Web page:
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About the Program
This new PBS documentary reveals the terrifying story of Western citizens held hostage by Al Qaeda at the In Amenas gas plant in Algeria.
Held Hostage includes exclusive interviews with survivors and the families of some of those who died, many of whom are speaking on camera and telling the full story of the incident for the first time. The attack, which took place in January this year, left over 37 foreign hostages’ dead, including a number from USA, UK, France, Japan and Norway. The gas field is operated by the Algerian state oil company Sonatrach with the British firm BP and the Norwegian firm Statoil. As the horrific events unfolded over four days in the full glare of the world’s media, Algerian special forces and helicopter gunships attacked the site in an effort to end the crisis.
The film raises many unanswered questions, such as how did a convoy of terrorists manage to travel undetected across hundreds of miles of desert and gain control of one of Algeria’s most important and valuable gas facilities? And ultimately who was responsible for the safety of its workers?
The documentary reveals the following:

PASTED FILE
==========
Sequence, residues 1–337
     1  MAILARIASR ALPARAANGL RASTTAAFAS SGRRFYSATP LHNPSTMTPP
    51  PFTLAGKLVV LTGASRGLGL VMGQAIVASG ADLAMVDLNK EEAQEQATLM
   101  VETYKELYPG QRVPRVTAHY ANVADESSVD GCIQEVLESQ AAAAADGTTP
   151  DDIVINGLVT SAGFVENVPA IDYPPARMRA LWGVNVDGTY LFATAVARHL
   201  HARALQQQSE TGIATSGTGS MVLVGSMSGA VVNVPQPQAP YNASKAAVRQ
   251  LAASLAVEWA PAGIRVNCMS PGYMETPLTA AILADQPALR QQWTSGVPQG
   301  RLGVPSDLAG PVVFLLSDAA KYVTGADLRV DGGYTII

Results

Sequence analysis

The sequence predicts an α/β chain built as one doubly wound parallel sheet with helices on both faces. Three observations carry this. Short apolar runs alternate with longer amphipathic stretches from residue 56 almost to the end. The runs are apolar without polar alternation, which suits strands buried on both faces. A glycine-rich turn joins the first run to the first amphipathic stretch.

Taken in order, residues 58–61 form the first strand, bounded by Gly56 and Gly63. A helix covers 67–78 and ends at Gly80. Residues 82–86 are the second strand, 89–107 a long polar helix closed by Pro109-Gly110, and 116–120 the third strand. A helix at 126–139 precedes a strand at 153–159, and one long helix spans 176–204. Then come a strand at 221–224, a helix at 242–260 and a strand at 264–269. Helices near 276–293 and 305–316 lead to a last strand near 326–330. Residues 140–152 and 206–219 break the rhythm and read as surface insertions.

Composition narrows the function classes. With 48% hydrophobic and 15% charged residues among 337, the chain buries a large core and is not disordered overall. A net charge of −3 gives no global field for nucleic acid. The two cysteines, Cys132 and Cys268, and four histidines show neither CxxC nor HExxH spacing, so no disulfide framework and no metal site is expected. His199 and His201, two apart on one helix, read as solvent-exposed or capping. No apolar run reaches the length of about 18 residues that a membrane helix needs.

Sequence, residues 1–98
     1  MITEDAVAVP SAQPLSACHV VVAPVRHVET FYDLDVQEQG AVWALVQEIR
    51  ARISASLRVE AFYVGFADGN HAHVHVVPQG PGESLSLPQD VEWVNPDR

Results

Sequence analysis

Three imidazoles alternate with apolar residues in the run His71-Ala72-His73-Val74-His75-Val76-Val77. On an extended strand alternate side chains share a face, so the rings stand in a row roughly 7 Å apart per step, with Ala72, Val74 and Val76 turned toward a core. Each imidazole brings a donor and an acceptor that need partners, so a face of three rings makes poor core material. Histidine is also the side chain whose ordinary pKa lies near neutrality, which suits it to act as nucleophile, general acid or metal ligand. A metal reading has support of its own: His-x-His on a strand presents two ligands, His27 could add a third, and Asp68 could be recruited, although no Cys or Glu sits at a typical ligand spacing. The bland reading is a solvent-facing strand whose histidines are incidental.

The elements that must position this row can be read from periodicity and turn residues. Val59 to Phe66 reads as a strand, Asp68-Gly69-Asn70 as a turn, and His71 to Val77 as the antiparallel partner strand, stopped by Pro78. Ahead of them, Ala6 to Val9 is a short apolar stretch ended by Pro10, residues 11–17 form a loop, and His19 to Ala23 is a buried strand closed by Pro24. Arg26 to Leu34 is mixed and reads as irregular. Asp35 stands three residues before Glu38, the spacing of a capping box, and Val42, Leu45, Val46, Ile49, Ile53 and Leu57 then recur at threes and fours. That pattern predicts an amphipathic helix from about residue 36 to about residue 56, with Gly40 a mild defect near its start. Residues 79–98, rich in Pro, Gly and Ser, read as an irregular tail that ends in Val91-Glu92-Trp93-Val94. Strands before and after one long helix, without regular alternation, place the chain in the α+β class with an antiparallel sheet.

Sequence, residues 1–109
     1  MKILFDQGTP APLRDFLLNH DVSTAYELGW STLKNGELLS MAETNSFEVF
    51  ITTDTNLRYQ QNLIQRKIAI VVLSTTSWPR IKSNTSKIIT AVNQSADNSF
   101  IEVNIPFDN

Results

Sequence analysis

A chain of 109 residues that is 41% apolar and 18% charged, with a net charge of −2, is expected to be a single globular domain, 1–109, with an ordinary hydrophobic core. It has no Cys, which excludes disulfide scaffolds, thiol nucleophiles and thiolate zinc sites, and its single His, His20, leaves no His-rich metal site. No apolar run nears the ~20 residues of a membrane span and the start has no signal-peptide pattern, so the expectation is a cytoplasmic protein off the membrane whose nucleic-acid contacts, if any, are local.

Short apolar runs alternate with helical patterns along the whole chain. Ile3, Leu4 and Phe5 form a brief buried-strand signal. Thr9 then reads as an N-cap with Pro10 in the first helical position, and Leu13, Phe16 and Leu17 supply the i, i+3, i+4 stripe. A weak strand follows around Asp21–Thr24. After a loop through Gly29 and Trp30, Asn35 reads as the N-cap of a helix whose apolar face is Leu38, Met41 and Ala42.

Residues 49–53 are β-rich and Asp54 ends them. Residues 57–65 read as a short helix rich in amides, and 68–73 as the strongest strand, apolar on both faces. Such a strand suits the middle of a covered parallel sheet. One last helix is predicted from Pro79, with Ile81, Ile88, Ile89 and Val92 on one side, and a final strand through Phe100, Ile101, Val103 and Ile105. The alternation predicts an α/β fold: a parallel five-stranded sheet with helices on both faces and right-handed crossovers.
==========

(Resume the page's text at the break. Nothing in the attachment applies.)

• We follow the story of Steve Wysocki, the American contractor who had been working in Algeria for over 15 years. Despite the temptations of retirement on a horse farm in his native Colorado Steven found the lucrative contract in the desert too much to turn down and had been working at In Amenas for four years before the terrorists struck.
• Fellow American Nick Frazier had been worried by strikes amongst his Algerian co-workers and rumours of minor security breaches in the months preceding the attack. He had shared his concerns with his wife but neither of them expected the terrifying hostage siege he and his colleagues were to endure.
• Paul Morgan, who was security liaison for the site, told colleagues on January 13th - just three days before the attack - that his powers had been taken away from him, meaning he could no longer guarantee the safety of the ex-pats at the site and that he was therefore transferring to another site. He was killed in the attack by Al Qaeda militants on January 16 this year.
• Lorraine Barlow, widow of contractor Garry Barlow who died in the attack, says in the programme: “A lot of what went wrong at In Amenas would seem to be based around the lack of any security. The only way we will know what [the] security procedures are is if BP has an open and complete investigation into the security process.”
• Stephen McFaul, one of the survivors of the attack who speaks for the first time in the film, claims that Algerian military helicopters fired on the hostages: “I was waving with my hands in the air. But the helicopter decided to fire on me with its machine gun,” he says. Of the helicopter pilot who fired on the vehicles carrying the hostages, he says: “[He] obviously had clear instructions to take these vehicles out at all costs to try and stop them getting to the facility. That means that 30-odd hostages who were travelling in the vehicles lost their lives.”